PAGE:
OK, so I bought a trashed Dynaco St-70 from this guy on craigslist and rebuilt it from the ground up. I have added new tube sockets, can cap, bias supply, tubes, choke, power transformer (Tomiko toroid), new output trannies (Tomiko), and a new board I got off the bay (China) that uses the 6GH8 tubes. With no input hooked up there is only a slight hum, but as soon as I hook up an input, there is a very very loud hum that is so loud that I quickly power off the amp out of fear of something bad happening. I have already tried two different new can caps, 3 new rectifier tubes, and checked and double checked all solder connections and made sure everything is wired correctly.With no input connected, if I as much as run my hand next to the input I get a loud hum. I am at my at the end of my rope with this thing and would really love to listen to it!

    Update:
    Ok so it really is only the right channel that hums, also with both input tubes removed, the amp is dead quiet. I am going to replace all the resistors on the board just in case and maybe the coupling caps.

    before you do anything radical like that, should be a last resort, short the RCA inputs to your amp, have all the tubes plugged is, speakers connected, turn it on and see of you get hum.
    Then lets go from there.

    I will try installing shorting plugs. The right side sounds as if it has really high gain and just moving my fingers around the RCA jacks causes them to become microphonic. Also, after a few minutes of being on there is a faint burning smell coming from whichever speaker is plugged into the right side Shocked

    have you checked ALL the wiring in the amp, all solder joints, if yes....check them again!...and then check them again.... Exclamation
    Interesting you chose toroids for speaker transformers though...why did you go that way?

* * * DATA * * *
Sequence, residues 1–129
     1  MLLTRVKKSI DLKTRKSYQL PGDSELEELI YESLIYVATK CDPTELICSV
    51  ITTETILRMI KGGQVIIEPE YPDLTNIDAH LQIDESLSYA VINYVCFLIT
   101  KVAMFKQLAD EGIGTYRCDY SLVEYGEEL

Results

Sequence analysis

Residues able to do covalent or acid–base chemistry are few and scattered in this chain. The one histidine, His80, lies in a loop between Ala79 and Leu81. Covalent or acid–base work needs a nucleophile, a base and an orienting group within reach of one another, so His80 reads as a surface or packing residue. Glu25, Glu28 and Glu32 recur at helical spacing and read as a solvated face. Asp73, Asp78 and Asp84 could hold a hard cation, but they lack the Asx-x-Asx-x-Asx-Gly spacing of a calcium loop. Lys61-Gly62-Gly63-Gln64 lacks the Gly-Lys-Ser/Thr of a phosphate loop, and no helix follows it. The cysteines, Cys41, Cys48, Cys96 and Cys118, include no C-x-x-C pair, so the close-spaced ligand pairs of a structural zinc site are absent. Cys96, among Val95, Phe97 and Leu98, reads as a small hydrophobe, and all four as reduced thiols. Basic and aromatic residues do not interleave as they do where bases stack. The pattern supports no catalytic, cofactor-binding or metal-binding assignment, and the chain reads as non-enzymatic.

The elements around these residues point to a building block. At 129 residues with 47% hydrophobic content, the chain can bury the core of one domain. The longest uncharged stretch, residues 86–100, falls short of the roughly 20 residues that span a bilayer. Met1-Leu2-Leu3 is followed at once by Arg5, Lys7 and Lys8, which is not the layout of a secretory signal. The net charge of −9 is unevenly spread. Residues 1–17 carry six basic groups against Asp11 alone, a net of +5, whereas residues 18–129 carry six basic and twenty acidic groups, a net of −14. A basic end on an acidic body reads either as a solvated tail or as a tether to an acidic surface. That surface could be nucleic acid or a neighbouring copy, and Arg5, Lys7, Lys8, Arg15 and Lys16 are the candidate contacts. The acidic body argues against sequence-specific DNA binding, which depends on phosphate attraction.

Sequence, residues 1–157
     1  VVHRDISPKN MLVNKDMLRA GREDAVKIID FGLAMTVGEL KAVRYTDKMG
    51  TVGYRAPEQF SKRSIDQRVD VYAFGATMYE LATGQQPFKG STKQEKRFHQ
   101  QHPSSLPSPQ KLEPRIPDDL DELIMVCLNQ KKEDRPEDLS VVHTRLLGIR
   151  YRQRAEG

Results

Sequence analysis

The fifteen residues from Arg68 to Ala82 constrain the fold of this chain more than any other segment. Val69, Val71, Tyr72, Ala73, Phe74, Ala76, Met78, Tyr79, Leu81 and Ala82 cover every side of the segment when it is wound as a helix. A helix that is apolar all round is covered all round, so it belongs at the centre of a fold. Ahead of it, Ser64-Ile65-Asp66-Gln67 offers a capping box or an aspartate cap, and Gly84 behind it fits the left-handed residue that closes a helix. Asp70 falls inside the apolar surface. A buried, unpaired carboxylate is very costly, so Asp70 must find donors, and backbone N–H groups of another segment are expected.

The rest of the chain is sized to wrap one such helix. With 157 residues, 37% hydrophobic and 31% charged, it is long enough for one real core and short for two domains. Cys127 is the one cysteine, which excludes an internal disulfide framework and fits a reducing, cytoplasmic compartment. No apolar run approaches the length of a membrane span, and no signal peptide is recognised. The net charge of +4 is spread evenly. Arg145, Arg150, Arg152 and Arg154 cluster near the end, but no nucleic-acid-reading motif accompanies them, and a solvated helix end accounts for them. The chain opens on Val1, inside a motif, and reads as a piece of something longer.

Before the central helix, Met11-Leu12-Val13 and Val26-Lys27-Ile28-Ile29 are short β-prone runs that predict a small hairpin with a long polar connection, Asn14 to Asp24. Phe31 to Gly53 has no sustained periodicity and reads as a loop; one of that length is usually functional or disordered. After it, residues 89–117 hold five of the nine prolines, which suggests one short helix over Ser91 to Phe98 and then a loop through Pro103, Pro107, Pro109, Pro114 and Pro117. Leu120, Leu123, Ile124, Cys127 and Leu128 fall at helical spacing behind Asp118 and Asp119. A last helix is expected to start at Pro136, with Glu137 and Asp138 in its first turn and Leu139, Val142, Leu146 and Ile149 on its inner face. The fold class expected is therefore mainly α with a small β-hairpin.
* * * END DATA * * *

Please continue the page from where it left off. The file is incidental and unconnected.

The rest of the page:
Awen

    Posts : 34
    Join date : 2015-01-21

    Re: Need help with my rebuilt ST-70

    Post by Awen on Fri Jan 23, 2015 12:04 am

    MontanaWay wrote:
    Awen wrote:
    MontanaWay wrote:
    Awen wrote:Posted this in the photo forum by accident:

    OK, so I bought a trashed Dynaco St-70 from this guy on craigslist and rebuilt it from the ground up. I have added new tube sockets, can cap, bias supply, tubes, choke, power transformer (Tomiko toroid), new output trannies (Tomiko), and a new board I got off the bay (China) that uses the 6GH8 tubes. With no input hooked up there is only a slight hum, but as soon as I hook up an input, there is a very very loud hum that is so loud that I quickly power off the amp out of fear of something bad happening. I have already tried two different new can caps, 3 new rectifier tubes, and checked and double checked all solder connections and made sure everything is wired correctly.With no input connected, if I as much as run my hand next to the input I get a loud hum. I am at my at the end of my rope with this thing and would really love to listen to it!

    Update:
    Ok so it really is only the right channel that hums, also with both input tubes removed, the amp is dead quiet. I am going to replace all the resistors on the board just in case and maybe the coupling caps.

    before you do anything radical like that, should be a last resort, short the RCA inputs to your amp, have all the tubes plugged is, speakers connected, turn it on and see of you get hum.
    Then lets go from there.

    I will try installing shorting plugs. The right side sounds as if it has really high gain and just moving my fingers around the RCA jacks causes them to become microphonic. Also, after a few minutes of being on there is a faint burning smell coming from whichever speaker is plugged into the right side Shocked